Don't put away those clamming shovels just yet

Fishing: Digs are set for later this month and for mid-February

January 8, 2011 

The state Department of Fish and Wildlife on Friday announced dates for two more razor-clam digs, one later this month and one in February. The digs will take place if marine toxin tests show clams are safe to eat.

The next dig is scheduled for Jan. 20-22 at Twin Harbors and Long Beach. The National Park Service has also scheduled a dig Jan. 21-22 at Kalaloch, located inside the Olympic National Park.

The February dig has been scheduled for the 17-19 at Twin Harbors and 18-19 at Long Beach, Twin Harbors, Copalis, Mocrocks and Kalaloch.

No digging will be allowed before noon on any of those days.

RIVERS

Cowlitz: Some good-sized steelhead are being caught, with some weighing in the mid-teens. Drifting eggs and/or corkies, or backtrolling divers and bait seem to be working best. With the water running clear, it’s a good idea to switch to smaller gear and baits.

Green: Fishing was good until the rain the last few days raised the water level. Also, a slide below Flaming Geyser State Park has dirtied the water, which means it will be best for plunking only for a few days, said a staffer at Auburn Sports and Marine.

Lewis: Steelhead action has been fair to good in the last week. Flows on the East Fork are fairly low, so boaters should be wary.

North Sound: There have been good reports from anglers catching steelhead on the Snoqualmie and Skykomish.

Olympic Coast: Looks like the rivers will be out of shape for this weekend. Once the levels drop, plan to make a trip because there are plenty of hatchery steelhead in the systems.

Yakima: The staff at Red’s Fly Shop said there is still ice along the edges and some floes in the water.

SALT WATER

Fly-fishing: Action for resident coho has been good some days and poor others, said a report from Gig Harbor Fly Shop. Much of it depends on the tides and if the fish push within casting distance from the beach. Look for sea-run cutthroat trout around beaches close to estuaries.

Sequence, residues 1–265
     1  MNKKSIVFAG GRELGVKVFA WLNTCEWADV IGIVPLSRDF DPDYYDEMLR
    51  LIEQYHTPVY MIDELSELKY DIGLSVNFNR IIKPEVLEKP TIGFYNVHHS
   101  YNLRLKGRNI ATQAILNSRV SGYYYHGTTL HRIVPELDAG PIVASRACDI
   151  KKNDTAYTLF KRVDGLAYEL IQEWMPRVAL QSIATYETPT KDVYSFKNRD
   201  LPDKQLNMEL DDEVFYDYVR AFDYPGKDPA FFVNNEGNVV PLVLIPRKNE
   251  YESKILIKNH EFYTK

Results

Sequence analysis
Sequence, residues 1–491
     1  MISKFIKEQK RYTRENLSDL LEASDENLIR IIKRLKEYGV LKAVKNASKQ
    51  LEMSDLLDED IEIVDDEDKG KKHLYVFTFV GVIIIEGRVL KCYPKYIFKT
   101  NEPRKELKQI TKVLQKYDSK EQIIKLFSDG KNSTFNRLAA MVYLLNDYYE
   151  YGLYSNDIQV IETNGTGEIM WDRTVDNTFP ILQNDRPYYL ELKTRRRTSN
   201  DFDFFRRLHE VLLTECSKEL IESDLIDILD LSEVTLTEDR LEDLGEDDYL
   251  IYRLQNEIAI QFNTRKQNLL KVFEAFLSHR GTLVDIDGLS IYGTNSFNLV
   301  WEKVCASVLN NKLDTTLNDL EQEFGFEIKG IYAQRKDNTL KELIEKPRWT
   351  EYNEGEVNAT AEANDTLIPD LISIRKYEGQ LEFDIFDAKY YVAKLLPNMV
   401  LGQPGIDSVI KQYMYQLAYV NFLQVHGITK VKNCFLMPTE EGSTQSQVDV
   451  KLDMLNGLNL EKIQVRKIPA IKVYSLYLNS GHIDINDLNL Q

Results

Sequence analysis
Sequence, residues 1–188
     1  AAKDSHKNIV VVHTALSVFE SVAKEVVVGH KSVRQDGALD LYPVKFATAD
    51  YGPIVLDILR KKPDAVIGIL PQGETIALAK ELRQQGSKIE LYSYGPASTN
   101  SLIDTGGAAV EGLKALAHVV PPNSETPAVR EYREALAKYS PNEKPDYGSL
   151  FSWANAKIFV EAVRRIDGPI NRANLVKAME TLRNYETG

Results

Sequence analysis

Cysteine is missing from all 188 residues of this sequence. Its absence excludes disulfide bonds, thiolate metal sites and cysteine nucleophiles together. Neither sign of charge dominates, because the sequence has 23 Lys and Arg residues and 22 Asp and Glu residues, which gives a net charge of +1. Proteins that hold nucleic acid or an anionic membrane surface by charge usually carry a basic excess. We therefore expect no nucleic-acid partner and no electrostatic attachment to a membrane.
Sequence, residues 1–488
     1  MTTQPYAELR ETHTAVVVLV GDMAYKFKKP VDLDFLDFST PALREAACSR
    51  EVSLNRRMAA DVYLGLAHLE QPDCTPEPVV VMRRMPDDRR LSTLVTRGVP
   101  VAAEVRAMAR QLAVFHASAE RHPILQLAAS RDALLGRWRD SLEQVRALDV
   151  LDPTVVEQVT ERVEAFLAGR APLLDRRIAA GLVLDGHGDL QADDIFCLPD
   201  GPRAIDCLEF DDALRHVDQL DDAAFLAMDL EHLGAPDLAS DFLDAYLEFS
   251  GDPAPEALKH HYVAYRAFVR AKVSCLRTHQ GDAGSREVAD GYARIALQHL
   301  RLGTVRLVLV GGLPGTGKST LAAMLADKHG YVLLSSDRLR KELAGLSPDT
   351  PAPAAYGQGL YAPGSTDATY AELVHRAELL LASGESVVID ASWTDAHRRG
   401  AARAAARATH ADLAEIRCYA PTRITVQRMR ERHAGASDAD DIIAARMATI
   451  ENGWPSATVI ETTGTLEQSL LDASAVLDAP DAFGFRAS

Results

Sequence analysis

South Sound: Few people have been on the water the last few days, said Mike Zittel at Zittel’s Marina. He said people were fishing while crab season was open, but crabbing has closed. Marine Area 13 remains open to salmon fishing until April 30.

Tacoma: Anglers willing to make the trip to Marine Area 10 are catching blackmouth in the Allen Bank, Jefferson Head and Keystone areas, said Art Tachell at Point Defiance Boathouse Marina. Squid are still being caught off local docks.

LAKES

Offut: Action for trout has picked up a bit with the warmer weather, said Becky Pogue at Offut Lake Resort. Floating a worm with a marshmallow or Power Bait off the bottom on a leader 2-3 feet long is the most effective setup, she said.

Potholes: Folks heading east of the mountains might be able to do some ice fishing on the lake with some more cold weather, said Mike Meseberg at MarDon Resort. He said a dock angler recently caught a 13-pound, 8-ounce walleye.

Spanaway: Brown trout are being caught at the south end of the lake, said Bud Herlitzka at Spanaway Park Boathouse. A brown Woolly Bugger fished right on the bottom has been the most effective method. Rainbow trout are holding on the west end of the lake, but the bite has been slowed by the colder water.

Spencer: This Mason County lake is a good winter option. It is known to produce some good trout during January. A float tube, pontoon boat, or small boat is the best way to access the water.

Jeffrey P. Mayor: 253-597-8640 Jeff.mayor@thenewstribune.com blog.thenewstribune.com/adventure

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